Former Liberal MP Fran Bailey, whose McEwen electorate bore the brunt of the Black Saturday fires, tried to champion FireWatch. She went to Germany to see it in action, and convinced then prime minister Kevin Rudd to fund Australian trials.
But now Rudd is gone, Bailey has retired and Goodrich says the Secretary of the Attorney-General’s Department, Roger Wilkins, has declined a request to meet Neustadt.
Unfortunately, the trial of three different fire detection systems, including FireWatch, conducted in NSW and in Victoria’s Otway Ranges last March, and endorsed by the federal Attorney-General, the Bushfire Co-operative Research Centre and the CSIRO, was set up to be a flop, says Goodrich.
In part, that was because the forest and rural fire agencies that conducted the trial and provided the human firespotters had a vested interest in the outcome. They set up the exercise as man versus machine, says Goodrich, when the point of the technology is to help humans to detect and extinguish fires, not replace them.
“Naively, we didn’t smell a rat,” says Goodrich, who adds he realised the odds were against them only when the CSIRO would not allow FireWatch to set a test fire to calibrate the equipment.
Two of Australia’s leading bushfire scientists back him up.
DAVID Packham, a former principal research scientist in the CSIRO’s Victorian bushfire section, slammed the trial report and urged it be rejected.
“The trials were conducted outside the fire season (and the) trial protocols are woefully inadequate and need serious re-examination.
“(The report used) extensive selected use of data . . . leading to skewed and unreliable conclusions being drawn . . . (It) is just not robust enough to make any sound strategic decisions for or against automatic detection systems.”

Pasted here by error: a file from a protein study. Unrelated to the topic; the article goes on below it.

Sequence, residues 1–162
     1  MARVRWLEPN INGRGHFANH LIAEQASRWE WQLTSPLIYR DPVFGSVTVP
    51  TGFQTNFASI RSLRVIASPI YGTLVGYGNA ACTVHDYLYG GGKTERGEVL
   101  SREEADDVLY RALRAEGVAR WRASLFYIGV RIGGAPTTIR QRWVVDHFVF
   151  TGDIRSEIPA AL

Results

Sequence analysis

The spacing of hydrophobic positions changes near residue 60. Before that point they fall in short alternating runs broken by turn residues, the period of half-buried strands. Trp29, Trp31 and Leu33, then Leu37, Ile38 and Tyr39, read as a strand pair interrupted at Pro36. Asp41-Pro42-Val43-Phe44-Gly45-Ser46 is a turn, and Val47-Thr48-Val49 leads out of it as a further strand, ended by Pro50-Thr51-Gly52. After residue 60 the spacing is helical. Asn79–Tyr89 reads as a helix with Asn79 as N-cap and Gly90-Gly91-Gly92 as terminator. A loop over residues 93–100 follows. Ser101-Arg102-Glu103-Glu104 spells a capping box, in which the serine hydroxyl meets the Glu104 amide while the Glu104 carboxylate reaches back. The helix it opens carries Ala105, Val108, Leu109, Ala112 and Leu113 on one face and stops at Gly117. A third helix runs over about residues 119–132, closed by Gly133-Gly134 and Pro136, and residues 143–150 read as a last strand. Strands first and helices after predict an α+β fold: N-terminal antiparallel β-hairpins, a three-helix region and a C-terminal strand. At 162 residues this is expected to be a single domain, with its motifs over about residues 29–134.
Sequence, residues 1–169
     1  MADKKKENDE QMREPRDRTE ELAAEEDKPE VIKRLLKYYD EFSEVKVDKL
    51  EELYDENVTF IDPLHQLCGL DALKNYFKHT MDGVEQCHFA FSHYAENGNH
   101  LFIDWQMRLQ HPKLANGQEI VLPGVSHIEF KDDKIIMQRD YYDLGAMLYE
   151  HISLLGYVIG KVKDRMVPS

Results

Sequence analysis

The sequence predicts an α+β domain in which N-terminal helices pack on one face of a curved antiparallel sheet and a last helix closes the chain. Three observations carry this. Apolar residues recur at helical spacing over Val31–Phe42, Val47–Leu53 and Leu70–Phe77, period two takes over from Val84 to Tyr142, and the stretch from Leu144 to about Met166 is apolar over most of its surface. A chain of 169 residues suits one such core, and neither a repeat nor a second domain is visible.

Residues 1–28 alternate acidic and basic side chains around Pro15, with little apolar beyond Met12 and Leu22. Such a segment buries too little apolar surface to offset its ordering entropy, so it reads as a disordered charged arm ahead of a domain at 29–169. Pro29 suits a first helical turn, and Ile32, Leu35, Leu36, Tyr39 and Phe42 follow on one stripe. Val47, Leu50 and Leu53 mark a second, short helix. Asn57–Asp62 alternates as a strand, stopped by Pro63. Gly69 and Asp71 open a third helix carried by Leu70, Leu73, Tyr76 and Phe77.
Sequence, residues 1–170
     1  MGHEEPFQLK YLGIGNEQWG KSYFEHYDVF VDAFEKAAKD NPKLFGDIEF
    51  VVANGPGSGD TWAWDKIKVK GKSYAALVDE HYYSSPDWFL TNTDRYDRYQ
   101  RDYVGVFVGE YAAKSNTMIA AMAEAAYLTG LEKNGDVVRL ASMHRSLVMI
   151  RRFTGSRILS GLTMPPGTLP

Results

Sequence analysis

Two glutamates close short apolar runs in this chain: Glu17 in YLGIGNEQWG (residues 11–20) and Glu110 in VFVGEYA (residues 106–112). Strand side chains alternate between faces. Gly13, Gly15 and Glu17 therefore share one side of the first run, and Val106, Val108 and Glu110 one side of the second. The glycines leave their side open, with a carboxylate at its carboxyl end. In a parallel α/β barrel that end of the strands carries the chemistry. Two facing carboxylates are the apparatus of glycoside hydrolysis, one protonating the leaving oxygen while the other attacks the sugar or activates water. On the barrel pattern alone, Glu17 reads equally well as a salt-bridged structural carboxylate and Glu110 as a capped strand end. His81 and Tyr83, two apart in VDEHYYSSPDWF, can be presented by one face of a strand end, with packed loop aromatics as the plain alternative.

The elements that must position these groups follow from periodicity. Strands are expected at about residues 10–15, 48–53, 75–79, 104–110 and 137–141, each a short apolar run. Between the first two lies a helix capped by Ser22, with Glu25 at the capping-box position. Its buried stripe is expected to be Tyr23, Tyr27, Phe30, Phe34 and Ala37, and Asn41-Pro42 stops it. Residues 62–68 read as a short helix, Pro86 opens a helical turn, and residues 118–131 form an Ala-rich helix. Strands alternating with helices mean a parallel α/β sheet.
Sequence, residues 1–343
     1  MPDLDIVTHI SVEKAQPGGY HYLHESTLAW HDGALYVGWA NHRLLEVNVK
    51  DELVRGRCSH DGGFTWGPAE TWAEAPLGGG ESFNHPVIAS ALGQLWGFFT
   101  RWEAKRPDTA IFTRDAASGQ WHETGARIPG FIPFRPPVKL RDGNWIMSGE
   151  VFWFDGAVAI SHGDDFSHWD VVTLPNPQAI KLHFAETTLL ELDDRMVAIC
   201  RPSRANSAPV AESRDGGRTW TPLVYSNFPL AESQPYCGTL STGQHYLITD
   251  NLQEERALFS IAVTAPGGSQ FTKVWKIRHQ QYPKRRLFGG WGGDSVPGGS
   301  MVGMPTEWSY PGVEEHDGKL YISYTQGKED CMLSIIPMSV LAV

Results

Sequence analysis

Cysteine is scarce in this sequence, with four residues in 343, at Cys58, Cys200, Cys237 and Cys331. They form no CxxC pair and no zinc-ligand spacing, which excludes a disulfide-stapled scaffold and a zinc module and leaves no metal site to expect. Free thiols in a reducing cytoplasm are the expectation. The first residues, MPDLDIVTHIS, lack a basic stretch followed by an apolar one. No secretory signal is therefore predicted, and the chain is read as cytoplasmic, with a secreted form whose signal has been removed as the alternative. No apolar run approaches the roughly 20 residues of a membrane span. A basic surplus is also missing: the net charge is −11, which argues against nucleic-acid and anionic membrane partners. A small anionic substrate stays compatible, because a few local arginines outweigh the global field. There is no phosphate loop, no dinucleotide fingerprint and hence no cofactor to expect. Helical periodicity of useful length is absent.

Former DSE chief fire officer Rod Incoll found fault in the trial because it was not carried out during the peak bushfire season, only one of the fires involved in the trial was a wildfire,
and the systems were not fully integrated with the host agencies . . .
“It is clear from the 2009 fire losses that if forest fires are to be suppressed during extreme fire weather, then immediate and aggressive first attack is required. Remote sensing technology appears to be a way of improving the success rate of fire suppression in one of the most fire-prone locations on Earth.”
All Goodrich wants is a fair trial, and FireWatch is willing to come halfway with the cost.
He says that if the trial is as successful as he believes it will be, the savings in greenhouse gas emissions alone will make it worth the $300 million cost of setting up a FireWatch network in the bushfire-prone parts of the country.
The Government is about to lock us into a carbon tax at a cost estimated as high as $130 billion to cut 5 per cent of Australia’s emissions by 2020.
Here is an opportunity to cut 15 per cent of emissions for a comparatively paltry price, without the soaring electricity costs, and yet no one is interested.
Has everyone gone mad?